One thing is for sure, the next day they will be going up and down the same damn road and the whole scenario will repeat. Week after week.

Stupid and accomplishing nothing.

avedis

Monday, December 19, 2011 at 12:24:00 PM GMT-5  
Blogger rangeragainstwar said...

Avedis,
I'm happy for you and your sons reunion.
happy holidays.
jim

Monday, December 19, 2011 at 3:28:00 PM GMT-5  
Blogger rangeragainstwar said...

Avedis,
in my war we went to steam and creams and got blow baths and steam jobs. handy indeed and i SWEAR i was thinking of this before your ltr.
my war differed from todays because now you can get laid with female soldiers. but the staemjobs were simpler.
as for the reprimand- GOOD LUCK getting promoted or retained once the shooting stops. if it ever does.
a lor is a kiss of death. you should so advise the h

Tuesday, December 20, 2011 at 10:18:00 AM GMT-5  
Blogger rangeragainstwar said...

avedis,
i'm only replying b/c you are a friend and i feel are seeking guidance.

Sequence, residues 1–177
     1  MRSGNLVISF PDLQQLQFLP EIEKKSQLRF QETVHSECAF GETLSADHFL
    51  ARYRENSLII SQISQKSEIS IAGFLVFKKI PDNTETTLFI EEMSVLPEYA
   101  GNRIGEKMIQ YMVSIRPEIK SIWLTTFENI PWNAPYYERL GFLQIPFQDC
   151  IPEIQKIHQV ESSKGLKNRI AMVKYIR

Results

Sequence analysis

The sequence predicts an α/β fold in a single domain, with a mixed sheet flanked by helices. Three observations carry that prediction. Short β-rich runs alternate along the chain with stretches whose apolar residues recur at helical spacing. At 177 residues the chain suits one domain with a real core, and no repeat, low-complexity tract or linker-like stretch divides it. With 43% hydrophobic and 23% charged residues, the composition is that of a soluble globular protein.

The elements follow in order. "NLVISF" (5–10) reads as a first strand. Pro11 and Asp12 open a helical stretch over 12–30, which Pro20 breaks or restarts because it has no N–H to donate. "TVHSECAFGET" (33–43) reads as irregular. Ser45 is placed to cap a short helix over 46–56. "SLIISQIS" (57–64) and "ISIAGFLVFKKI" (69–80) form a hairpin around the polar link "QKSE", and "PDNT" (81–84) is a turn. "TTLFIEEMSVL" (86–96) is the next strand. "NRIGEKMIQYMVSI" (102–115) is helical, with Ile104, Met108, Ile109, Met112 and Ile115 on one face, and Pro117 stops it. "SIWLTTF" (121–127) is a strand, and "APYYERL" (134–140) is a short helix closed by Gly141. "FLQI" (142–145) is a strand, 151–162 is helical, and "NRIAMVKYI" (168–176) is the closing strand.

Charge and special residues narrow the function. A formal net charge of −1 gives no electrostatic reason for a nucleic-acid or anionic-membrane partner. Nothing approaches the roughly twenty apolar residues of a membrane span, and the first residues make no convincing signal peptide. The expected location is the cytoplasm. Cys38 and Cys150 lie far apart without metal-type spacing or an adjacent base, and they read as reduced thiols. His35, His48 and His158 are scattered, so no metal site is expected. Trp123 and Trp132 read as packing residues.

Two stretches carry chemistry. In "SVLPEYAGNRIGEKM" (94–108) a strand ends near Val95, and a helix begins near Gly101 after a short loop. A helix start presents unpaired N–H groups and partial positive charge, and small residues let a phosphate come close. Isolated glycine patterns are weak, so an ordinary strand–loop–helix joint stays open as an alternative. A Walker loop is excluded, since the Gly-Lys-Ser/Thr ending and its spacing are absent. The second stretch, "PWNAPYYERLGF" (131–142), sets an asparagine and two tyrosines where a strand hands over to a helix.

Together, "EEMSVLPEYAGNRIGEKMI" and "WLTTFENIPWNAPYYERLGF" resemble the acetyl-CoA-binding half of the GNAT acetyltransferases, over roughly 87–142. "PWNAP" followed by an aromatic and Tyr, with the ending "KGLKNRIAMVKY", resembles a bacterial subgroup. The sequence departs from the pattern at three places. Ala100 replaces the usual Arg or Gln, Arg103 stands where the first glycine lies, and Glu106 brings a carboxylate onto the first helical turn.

I swear i was thinking of this topic b/f i got your ltr.
in my war we sf dudes got donut dollies or got steam jobs and blow baths at the on post steam and cream. now soldiers get laid by fraternizing. the blowbath was sooo much cheaper and less messy.
as for the lor.advise your LT. that that is the kiss of the spider woman.i seriously doubt that he can out run that ding. i doubt he'll get promoted and if he does he'll be rif material when the shooting stops.
i remember when 1sgts busted our balls. never did they play with them.
i'm sorry to hear this story, but he's alive and has a life to live.
and he's got a good family.
submitted as a friend.
jim

Tuesday, December 20, 2011 at 10:26:00 AM GMT-5